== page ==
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Obstetric clavicular fracture: the enigma of normal birth.

OBJECTIVE: To determine the main risk factors involved in neonatal clavicular fracture, the most common injury to the neonate.

METHODS: Two hundred fifteen cases of clavicular fracture of 65,091 vaginal deliveries (0.4%) occurring between January 1983 and December 1988 were pair-matched with controls based on mode and date of delivery, race, and maternal age. Incidences, odds ratios, and stratified analysis were used to identify and control for confounding between risk factors.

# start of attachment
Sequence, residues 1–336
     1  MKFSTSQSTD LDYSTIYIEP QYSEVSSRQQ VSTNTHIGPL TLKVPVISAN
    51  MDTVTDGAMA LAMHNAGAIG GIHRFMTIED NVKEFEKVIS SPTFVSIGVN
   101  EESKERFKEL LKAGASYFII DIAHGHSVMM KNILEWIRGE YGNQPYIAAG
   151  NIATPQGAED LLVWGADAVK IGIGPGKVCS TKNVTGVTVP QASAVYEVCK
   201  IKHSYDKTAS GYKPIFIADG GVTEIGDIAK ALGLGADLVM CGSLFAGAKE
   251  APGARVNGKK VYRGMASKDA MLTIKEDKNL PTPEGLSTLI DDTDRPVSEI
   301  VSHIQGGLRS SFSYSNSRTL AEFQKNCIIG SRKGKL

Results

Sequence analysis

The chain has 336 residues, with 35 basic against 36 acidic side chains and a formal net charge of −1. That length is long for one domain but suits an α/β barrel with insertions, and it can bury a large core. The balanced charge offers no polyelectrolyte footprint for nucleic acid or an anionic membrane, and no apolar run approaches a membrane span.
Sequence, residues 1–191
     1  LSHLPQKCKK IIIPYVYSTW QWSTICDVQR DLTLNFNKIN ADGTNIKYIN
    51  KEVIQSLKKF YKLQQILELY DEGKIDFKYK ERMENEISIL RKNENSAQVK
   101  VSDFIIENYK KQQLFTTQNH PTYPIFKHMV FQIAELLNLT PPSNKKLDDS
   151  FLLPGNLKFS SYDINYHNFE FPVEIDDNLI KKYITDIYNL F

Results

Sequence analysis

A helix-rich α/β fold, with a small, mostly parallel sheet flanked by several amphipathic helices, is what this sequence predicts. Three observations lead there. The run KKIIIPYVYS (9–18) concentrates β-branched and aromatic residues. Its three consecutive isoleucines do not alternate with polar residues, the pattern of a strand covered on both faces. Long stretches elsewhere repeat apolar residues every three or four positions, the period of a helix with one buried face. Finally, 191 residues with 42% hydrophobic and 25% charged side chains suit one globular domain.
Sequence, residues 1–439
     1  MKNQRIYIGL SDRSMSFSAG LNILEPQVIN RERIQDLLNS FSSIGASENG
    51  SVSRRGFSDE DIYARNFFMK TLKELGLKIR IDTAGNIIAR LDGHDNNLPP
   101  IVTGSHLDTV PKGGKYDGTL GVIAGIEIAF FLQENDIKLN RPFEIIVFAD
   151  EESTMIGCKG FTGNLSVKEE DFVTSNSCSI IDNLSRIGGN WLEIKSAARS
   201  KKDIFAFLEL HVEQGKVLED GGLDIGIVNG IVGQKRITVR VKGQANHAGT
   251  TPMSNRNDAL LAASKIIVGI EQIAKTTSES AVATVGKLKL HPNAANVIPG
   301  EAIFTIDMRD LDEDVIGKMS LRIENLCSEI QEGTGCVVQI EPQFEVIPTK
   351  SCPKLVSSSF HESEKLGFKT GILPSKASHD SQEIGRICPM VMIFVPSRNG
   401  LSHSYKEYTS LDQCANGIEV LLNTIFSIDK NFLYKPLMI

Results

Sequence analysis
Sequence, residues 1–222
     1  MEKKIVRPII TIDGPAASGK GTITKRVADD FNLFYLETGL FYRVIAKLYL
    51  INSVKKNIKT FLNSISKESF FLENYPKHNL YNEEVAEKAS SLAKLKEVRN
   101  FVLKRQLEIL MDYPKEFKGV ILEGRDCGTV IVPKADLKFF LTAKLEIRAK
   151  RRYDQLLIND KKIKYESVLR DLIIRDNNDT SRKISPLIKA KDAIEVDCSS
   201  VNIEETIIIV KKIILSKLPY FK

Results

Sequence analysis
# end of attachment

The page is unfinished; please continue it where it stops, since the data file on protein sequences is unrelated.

RESULTS: Shoulder dystocia, increasing birth weight, and increasing gestational age were identified as risk factors. Within the range of normal birth weights, there is a biologic gradient of increasing risk for clavicular fracture. Although shoulder dystocia is the strongest risk factor identified, the magnitude of its point estimate is probably affected to a large extent by differential ascertainment. The use of forceps, prolonged second stage of labor, and nulliparity status were not significantly associated with neonatal clavicular fracture.

CONCLUSIONS: Neonatal clavicular fracture occurs commonly in an obstetric population. Obstetric clavicular fracture is an unpredictable, unavoidable complication of normal birth.

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